The Delta Variant and Children: What Parents Need to Know
As the more contagious strain of the coronavirus circulates, an epidemiologist advises families to use common sense, keep masks handy and pay attention to local health guidelines.
By Marla Lehner
Around the country birthday parties, barbeques and baseball games are back in business.
As vaccination rates have risen, measures designed to limit the spread of COVID-19 like mask mandates and capacity limits have been relaxed. But recently, the more contagious Delta variant has become dominant in the United States, according to the Centers for Disease Control and Prevention (CDC).
As of this blog’s posting, only kids 12 and older have been approved by the Food and Drug Administration to receive the Pfizer-BioNTech vaccine—which leaves millions of children currently unprotected. So, how should families who have unvaccinated little ones keep them safe? Michael Smit, MD, MSPH, Hospital Epidemiologist and Medical Director of Infection Prevention and Control at Children’s Hospital Los Angeles, shares his advice.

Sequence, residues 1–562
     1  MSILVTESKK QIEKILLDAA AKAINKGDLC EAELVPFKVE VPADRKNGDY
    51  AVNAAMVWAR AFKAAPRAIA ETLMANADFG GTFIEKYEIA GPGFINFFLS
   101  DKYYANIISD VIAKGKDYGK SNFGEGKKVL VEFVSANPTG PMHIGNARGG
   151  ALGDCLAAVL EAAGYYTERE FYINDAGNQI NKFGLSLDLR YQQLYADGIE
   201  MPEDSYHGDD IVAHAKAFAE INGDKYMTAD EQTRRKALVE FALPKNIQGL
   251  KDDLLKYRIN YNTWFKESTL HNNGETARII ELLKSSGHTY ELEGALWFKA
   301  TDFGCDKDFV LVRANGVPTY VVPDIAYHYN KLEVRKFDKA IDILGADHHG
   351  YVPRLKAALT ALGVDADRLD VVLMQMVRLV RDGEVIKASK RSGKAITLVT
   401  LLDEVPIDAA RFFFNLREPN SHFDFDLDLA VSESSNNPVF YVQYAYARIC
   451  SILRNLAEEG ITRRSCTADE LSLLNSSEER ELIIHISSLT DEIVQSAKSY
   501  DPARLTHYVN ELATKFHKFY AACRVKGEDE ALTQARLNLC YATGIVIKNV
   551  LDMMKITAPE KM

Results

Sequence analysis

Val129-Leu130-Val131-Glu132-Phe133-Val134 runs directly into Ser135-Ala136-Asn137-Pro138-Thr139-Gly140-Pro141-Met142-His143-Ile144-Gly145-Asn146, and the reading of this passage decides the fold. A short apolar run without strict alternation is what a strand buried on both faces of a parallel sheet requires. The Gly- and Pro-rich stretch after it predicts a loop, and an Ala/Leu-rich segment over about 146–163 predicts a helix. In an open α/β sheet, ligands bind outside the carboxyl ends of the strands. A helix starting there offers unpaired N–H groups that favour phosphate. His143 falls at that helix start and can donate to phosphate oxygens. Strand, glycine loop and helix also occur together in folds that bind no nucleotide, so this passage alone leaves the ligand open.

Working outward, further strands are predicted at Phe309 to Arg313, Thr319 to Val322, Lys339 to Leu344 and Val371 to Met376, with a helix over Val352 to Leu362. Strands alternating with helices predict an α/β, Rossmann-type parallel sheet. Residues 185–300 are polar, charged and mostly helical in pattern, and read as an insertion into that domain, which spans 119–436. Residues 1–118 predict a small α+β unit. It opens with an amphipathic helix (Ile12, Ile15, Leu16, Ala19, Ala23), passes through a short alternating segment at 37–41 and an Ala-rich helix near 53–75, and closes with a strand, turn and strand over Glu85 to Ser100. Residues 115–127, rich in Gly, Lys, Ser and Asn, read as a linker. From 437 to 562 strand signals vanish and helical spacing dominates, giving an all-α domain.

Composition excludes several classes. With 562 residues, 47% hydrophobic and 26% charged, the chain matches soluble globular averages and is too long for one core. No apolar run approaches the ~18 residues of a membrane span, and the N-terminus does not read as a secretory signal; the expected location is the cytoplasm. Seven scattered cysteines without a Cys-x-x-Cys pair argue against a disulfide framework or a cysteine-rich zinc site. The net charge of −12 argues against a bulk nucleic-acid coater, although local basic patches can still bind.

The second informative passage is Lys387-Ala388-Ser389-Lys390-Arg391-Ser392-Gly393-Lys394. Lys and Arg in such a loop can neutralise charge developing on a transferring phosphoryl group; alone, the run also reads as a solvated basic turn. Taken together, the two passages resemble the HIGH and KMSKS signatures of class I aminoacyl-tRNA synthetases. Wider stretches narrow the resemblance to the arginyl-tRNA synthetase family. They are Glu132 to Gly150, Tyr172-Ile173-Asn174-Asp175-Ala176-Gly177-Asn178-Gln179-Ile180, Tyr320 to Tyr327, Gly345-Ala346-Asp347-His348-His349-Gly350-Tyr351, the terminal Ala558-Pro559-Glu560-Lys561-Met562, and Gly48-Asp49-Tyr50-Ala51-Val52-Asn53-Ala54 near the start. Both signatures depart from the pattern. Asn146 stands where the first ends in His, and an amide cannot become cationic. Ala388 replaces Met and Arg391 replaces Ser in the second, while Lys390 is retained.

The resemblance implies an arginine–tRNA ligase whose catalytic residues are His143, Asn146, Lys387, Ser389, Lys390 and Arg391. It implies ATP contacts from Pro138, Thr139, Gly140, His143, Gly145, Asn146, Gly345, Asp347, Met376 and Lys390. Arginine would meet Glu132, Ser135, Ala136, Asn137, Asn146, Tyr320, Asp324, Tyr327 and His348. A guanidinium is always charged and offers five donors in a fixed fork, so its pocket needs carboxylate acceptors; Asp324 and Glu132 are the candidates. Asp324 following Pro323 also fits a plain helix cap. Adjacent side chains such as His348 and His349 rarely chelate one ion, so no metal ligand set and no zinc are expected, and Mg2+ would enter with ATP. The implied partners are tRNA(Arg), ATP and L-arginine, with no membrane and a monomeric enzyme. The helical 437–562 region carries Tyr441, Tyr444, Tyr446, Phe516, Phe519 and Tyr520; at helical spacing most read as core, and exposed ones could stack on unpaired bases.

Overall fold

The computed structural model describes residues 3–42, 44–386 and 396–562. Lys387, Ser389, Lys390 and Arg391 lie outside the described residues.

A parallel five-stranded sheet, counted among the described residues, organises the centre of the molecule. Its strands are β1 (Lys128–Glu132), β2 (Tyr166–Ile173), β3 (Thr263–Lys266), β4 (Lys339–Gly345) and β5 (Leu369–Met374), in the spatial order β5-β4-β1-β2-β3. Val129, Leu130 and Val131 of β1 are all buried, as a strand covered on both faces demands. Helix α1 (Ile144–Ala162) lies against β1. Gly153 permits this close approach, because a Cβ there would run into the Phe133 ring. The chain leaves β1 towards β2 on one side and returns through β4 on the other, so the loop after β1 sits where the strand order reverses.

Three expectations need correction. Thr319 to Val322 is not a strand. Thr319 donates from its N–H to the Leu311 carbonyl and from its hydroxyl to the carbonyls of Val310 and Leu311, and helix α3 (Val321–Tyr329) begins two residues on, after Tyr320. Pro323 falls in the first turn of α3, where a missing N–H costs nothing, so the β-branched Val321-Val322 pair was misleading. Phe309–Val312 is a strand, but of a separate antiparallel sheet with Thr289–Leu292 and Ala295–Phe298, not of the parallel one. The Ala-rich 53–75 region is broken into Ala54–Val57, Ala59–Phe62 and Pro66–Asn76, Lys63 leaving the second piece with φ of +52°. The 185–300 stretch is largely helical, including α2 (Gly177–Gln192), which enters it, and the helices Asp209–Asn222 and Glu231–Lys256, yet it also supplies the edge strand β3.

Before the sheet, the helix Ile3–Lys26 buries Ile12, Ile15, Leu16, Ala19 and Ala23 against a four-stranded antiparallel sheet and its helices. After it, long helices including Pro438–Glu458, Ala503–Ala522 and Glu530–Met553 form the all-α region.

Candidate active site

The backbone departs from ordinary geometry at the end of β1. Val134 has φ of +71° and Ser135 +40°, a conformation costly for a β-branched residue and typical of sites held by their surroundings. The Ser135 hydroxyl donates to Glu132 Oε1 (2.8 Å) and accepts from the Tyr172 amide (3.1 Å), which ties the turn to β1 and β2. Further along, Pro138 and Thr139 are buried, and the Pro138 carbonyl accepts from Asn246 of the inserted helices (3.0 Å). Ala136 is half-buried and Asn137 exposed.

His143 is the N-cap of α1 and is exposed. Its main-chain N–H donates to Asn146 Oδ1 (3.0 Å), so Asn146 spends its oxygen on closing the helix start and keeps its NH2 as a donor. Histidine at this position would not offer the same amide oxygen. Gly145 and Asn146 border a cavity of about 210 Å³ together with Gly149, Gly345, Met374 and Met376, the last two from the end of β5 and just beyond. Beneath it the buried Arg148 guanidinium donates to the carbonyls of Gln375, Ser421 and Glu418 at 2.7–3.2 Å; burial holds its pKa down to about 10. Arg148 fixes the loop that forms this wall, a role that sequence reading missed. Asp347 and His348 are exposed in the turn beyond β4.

First, what are COVID-19 variants?
Each time the virus passes from person to person, it can mutate into a variant. Genetic variants of SARS-CoV-2 have been emerging throughout the world since the beginning of the pandemic. Some variants—though not all—can become more contagious, harder to treat or more deadly.
According to the CDC, the Delta variant is more contagious. Does this make children under 12—who are not eligible for the vaccine—at greater risk for becoming infected?